Managed Care Organizations (MCOs) Vs. Accountable Care Organizations (ACOs) profile
The differences and similarities between Managed Care Organizations (MCO) and Accountable Care Organizations (ACO) will be explained below.
The MCO is a group of medical providers and facilities that provide care to its members at a reduced cost. Many MCO’s require the patient to have a primary care provider. The ACO is a group of medical providers and medical facilities that work together to provider collaborative care to its members. The ACO doesn’t require the member to have a primary care provider. The providers work together voluntarily to provider care as a medical team for the patient. The different specialties work with each other to treat the patient with continuity of care. The information is shared so that all the providers that are treating the patient are aware of the medications, tests, hospital visits. And treatment the patient has currently and the past treatments. The providers that are part of the MCO’s don’t work as a team to provider collaborative care to the patients.
collaborative care to the patients.
They don’t strive to work together to treat the patient with the team approach like providers in the ACO’s strive for. The MCO groups can share information if it is requested. The focus is not continuity of care. Some providers send their notes to the referring provider as a courtesy. The ACO’s are still changing to become better. The MCO’s and ACO’s may transform and merge into one entity to meet the needs of consumers.
They both are similar enough to the point where I think they can be combined with the best interest of the consumer in mind. I believe that we can take the best features from both of them. Considering the current health care environment , continuity of care is important. This is the best way to treat the patient with the best possible outcome. Having the providers work together as a team avoids having the patient take medications that interact, repeating the same tests. And other wasteful or harmful medical practice. This approach can also reduce the cost of medical care. The cost of medical care is constantly increasing and I think this is a way to reduce the cost of medical care. This will help control wasteful spending.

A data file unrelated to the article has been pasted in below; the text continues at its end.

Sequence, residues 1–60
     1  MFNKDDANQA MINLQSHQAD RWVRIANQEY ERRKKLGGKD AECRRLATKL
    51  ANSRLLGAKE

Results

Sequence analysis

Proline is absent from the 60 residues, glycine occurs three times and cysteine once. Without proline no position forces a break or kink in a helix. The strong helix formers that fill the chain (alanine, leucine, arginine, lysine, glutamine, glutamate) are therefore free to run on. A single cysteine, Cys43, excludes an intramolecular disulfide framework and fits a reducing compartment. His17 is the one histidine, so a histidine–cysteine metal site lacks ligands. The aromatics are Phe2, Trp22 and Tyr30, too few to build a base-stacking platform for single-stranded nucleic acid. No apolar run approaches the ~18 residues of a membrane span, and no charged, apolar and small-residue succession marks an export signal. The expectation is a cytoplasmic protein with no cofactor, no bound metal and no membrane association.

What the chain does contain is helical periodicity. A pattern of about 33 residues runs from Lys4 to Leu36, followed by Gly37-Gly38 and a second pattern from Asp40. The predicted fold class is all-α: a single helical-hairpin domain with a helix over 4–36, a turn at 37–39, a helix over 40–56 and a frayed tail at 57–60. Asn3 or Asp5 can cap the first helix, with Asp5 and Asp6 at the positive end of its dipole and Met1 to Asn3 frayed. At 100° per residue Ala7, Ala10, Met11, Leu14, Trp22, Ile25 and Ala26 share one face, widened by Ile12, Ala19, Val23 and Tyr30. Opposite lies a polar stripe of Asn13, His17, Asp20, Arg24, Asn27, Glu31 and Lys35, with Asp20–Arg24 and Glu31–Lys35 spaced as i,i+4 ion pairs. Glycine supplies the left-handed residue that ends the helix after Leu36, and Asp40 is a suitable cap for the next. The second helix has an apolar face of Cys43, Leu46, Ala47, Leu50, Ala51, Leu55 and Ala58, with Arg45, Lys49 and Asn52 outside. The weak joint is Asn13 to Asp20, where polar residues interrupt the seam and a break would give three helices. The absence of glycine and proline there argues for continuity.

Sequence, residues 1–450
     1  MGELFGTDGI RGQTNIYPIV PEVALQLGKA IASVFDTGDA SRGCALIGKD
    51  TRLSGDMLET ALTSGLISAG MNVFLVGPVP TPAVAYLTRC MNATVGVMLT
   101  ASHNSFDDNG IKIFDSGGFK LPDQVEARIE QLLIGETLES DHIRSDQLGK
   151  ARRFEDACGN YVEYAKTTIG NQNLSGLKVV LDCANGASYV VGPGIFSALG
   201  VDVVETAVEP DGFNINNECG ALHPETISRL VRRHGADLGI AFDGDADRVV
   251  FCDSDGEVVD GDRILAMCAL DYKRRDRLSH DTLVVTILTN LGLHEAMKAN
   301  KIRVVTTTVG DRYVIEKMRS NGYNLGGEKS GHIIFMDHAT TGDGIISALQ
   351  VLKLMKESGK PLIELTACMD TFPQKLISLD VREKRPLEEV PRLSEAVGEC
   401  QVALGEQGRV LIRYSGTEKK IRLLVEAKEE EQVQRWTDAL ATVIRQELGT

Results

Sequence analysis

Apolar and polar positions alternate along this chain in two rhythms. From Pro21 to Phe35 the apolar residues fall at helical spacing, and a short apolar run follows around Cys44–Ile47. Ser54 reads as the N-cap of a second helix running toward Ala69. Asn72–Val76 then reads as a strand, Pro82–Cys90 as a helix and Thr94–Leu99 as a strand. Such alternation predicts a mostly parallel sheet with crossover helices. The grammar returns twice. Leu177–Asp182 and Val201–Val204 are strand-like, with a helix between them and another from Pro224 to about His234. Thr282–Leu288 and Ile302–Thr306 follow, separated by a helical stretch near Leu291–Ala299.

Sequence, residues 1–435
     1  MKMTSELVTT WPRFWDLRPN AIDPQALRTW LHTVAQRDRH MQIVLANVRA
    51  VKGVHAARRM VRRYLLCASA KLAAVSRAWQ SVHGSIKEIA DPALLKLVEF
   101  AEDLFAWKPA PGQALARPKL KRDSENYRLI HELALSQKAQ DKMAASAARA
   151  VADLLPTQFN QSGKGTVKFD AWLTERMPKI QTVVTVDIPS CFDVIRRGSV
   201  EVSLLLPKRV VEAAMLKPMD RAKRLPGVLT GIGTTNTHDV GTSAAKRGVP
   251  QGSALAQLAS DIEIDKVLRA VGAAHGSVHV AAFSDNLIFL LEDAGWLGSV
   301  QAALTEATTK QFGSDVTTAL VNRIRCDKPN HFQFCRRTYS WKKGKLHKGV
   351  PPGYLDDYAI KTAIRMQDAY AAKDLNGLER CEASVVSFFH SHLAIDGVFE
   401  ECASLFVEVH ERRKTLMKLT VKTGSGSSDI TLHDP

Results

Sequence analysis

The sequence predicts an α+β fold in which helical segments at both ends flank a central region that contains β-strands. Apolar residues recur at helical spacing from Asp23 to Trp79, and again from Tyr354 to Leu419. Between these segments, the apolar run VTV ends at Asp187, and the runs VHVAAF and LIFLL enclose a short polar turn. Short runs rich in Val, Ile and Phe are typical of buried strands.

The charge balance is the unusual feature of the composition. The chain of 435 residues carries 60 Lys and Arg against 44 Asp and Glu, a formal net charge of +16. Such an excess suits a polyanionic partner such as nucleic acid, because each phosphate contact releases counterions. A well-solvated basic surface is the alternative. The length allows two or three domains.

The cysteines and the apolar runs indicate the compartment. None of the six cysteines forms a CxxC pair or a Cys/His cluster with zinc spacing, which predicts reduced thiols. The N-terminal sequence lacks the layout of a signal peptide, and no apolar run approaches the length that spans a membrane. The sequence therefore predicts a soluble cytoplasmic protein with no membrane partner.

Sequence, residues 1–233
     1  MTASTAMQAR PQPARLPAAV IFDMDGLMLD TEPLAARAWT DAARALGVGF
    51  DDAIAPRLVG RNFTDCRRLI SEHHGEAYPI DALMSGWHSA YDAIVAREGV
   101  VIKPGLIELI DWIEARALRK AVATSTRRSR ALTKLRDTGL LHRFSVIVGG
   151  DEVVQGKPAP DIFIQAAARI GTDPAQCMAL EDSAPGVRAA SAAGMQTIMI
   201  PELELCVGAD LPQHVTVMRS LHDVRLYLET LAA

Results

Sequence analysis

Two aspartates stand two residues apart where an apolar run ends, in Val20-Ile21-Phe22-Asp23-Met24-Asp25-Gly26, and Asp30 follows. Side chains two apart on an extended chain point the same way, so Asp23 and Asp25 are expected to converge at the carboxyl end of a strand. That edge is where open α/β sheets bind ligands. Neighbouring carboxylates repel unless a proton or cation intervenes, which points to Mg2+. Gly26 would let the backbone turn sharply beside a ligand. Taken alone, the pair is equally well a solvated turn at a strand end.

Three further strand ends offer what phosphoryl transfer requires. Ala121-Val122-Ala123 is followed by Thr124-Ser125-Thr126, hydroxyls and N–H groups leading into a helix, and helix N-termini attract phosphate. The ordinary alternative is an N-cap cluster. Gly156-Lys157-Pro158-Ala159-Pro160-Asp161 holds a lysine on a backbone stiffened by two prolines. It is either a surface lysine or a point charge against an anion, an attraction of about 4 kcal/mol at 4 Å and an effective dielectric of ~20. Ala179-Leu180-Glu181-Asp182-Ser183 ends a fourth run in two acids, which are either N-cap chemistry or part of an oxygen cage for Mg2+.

Managed Care Organizations (MCOs) Vs. Accountable Care Organizations (ACOs)
“Managed Care.” MedlinePlus, U.S. National Library of Medicine, 25 Sept. 2017, medlineplus.gov/managedcare.html.
“What Is an ACO? Definitive Guide: Accountable Care Organizations.” Health Catalyst, Health Catalyst, 24 Oct. 2017, www.healthcatalyst.com/what-is-an-ACO-definitive-guide-accountable-care-organizations.
Student 2 Kpanbu
Health care spending is the biggest drive for formulating the different kinds of payment systems in healthcare. Health care insurance enrollees may obtain care from various Managed Care Organizations (MCOs) or Accountable Care Organizations (ACOs).
Managed Care Organizations (MCOs): is a group of people working together to manage the cost of health care. MCOs work along with medical facilities and health care providers to render support to MCO patients, only pays for the care provided and its plan is not as flexible as ACOs and MCOs give incentives to physicians like the ACOs. There are four types of MCOs: Health Maintenance Organization (HMO), Preferred Provider Organization (PPO), Exclusive Provider Organization (EPO), and Point-of-Service Plan (POS).
According to (Andrews, 2014), HMOs only pay within network health care and insurers need a referral to seek care from a specialist or else the services provider will not be covered. For PPOs, care is covered both in and out of the network, however. The patient pays a higher premium for out of network care. In EPO, care is not covered outside of the network, nevertheless; patients do not require referral to get seen by a specialist. In POS, plan varies between HMOs and PPOs, and insurers may seek out of network care but with a higher cost-sharing rate. PPO and HMO both have Medicare options.